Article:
An elegant cut flower garden can be both challenging and rewarding to maintain. Select an open area with sun light for planting and prepare the soil. As plants get taller they may require support or staking while others should be pinched back frequently throughout the growing season.
Focus on cultivating a mix of perennials and annuals that attract pollinators while boasting long vase lives.
Find an area for your cut flower garden where the flowers can receive plenty of sun, while being easily accessible for cutting. Consider water sources nearby as this will require regular watering and weeding of the area. Raised beds will help improve soil health while making planting, weeding and harvesting easier.
Ascertain the individual plant requirements in your cutting garden and group plants with similar needs together to ensure you provide exactly what each needs, without over or underwatering them. This way you’ll ensure they get what they require without giving too much or too little.
Plant perennials and annuals that bloom throughout the season, or add in flowering bushes as accents. You could also scatter cut flowers among existing vegetable gardens and landscape beds for added color.
Most people envision their ideal cut flower garden as being composed of rows of daffodils or tulips and rose bushes, along with some nontraditional plantings like alstroemerias. While these classic plantings certainly have their place, there is much more available if you are seeking more color and diversity in their landscape.
Choose a sunny site with rich and well-draining soil. Work in several inches of organic matter before planting to promote soil health and enhance root development.
Planning the layout on paper involves keeping track of varieties, bloom times and heights for easier harvesting and arrangement-making. Plant blocks of like flowers together to facilitate harvesting and arrangement-making; divide up plants that need staking (like dahlias) from those which benefit from trellising ( like sweet peas and climbing nasturtiums). Water only specific areas using drip or soaker hoses to avoid spreading water across an entire garden surface and reduce weed growth and soil erosion.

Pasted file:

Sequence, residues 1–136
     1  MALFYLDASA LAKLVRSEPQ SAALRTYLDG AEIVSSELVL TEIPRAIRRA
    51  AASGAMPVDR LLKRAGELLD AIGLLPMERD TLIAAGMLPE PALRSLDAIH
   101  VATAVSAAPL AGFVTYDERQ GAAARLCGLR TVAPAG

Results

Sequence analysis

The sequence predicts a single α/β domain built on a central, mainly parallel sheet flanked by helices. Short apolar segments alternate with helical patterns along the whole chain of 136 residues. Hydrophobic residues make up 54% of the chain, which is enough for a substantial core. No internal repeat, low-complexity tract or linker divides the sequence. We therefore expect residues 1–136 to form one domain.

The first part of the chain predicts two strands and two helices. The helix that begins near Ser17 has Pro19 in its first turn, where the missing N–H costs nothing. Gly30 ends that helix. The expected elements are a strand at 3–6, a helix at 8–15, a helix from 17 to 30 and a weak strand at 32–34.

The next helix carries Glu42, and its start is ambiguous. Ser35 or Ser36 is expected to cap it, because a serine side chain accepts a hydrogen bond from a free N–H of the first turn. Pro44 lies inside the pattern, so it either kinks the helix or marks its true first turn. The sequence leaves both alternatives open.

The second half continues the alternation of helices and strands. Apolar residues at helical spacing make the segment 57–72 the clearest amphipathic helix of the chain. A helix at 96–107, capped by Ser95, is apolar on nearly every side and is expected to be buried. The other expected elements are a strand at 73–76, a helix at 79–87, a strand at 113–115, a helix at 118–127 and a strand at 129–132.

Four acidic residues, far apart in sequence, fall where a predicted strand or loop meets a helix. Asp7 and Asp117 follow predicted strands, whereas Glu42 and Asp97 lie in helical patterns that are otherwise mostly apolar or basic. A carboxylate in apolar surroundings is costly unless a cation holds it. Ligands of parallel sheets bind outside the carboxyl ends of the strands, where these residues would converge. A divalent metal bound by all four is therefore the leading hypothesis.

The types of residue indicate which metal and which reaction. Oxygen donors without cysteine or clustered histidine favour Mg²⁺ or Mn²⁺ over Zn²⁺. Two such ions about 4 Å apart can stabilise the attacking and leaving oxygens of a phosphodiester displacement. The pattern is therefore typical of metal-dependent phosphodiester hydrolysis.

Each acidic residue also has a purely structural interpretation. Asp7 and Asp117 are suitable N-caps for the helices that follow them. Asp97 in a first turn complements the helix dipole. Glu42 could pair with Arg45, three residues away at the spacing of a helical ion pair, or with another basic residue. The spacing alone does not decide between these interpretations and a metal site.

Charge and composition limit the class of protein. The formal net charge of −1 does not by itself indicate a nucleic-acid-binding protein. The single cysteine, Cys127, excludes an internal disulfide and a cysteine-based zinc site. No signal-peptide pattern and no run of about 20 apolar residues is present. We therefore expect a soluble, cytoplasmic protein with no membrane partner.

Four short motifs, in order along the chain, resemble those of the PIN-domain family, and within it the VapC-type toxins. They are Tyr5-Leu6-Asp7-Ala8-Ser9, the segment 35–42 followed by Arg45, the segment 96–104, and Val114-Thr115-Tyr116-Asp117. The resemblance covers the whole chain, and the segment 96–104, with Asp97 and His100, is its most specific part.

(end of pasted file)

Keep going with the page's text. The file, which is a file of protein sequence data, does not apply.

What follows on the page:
Your cut flower garden needs at least 6 hours of sunlight every day in order to thrive, with garden beds that provide easy accessibility for planting, weeding and harvesting – long linear designs are best since this allows you to easily walk across them without disturbing the soil.
Consider using a soaker hose or drip irrigation system to water plants directly at their roots, rather than a sprinkler system which may oversaturate soil and lead to fungal diseases like powdery mildew.
An ideal cut flower garden should feature perennials and annual flowers in equal measures, along with flowering shrubs like hydrangeas and fragrant herbs like lavender. When selecting plants to include, be mindful that those that dry well will add depth and prolong vase life for winter arrangements.
An essential element in creating a flourishing cut flower garden lies within its soil. A fertile, weed-free surface with good drainage is necessary. An annual application of organic compost helps enhance soil quality and retain water more effectively while providing additional nutrition to blooming flowers.
Grouping plants according to their cultural needs makes them easier to manage and harvest. Furthermore, this keeps shorter ones from becoming overwhelmed by taller ones, making it harder to access their stems for harvesting purposes.
Stagger your planting of blooming varieties so as to extend the picking season and prevent dead patches in your garden from plants fading and being replaced. Flowers such as peonies and clematis require support so planting them near a trellis or raised beds would allow easy access for picking.
Ease of access is key when planning a cutting garden, so plant in wide rows so you can harvest flowers without stretching too far, and provide plenty of paths so you can carry vases and buckets of water around easily, advise Betsy Hitt from Peregrine Farm and Cathy Jones from Perry-winkle Farm.
Consider which flowers require staking or support, such as tall annuals like zinnias and sunflowers, when planning your garden design. Group together plants with similar growing conditions and flowering times together – for instance tall medium-height flowers or short and tall perennials as focal and filler flowers.
Don’t forget to add foliage, seedpods, and branches to enhance floral arrangements. Not only can these embellishments add color and depth, they may also extend vase life and vase-life of cut flowers.